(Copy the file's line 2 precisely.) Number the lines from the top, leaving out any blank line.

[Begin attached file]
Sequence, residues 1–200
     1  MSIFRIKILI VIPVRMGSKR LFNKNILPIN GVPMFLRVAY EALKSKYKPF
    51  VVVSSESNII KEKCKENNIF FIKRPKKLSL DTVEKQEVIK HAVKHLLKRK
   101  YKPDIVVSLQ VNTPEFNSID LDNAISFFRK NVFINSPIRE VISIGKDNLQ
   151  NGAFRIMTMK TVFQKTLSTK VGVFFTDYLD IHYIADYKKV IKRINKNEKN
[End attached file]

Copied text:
     1  MSIFRIKILI VIPVRMGSKR LFNKNILPIN GVPMFLRVAY EALKSKYKPF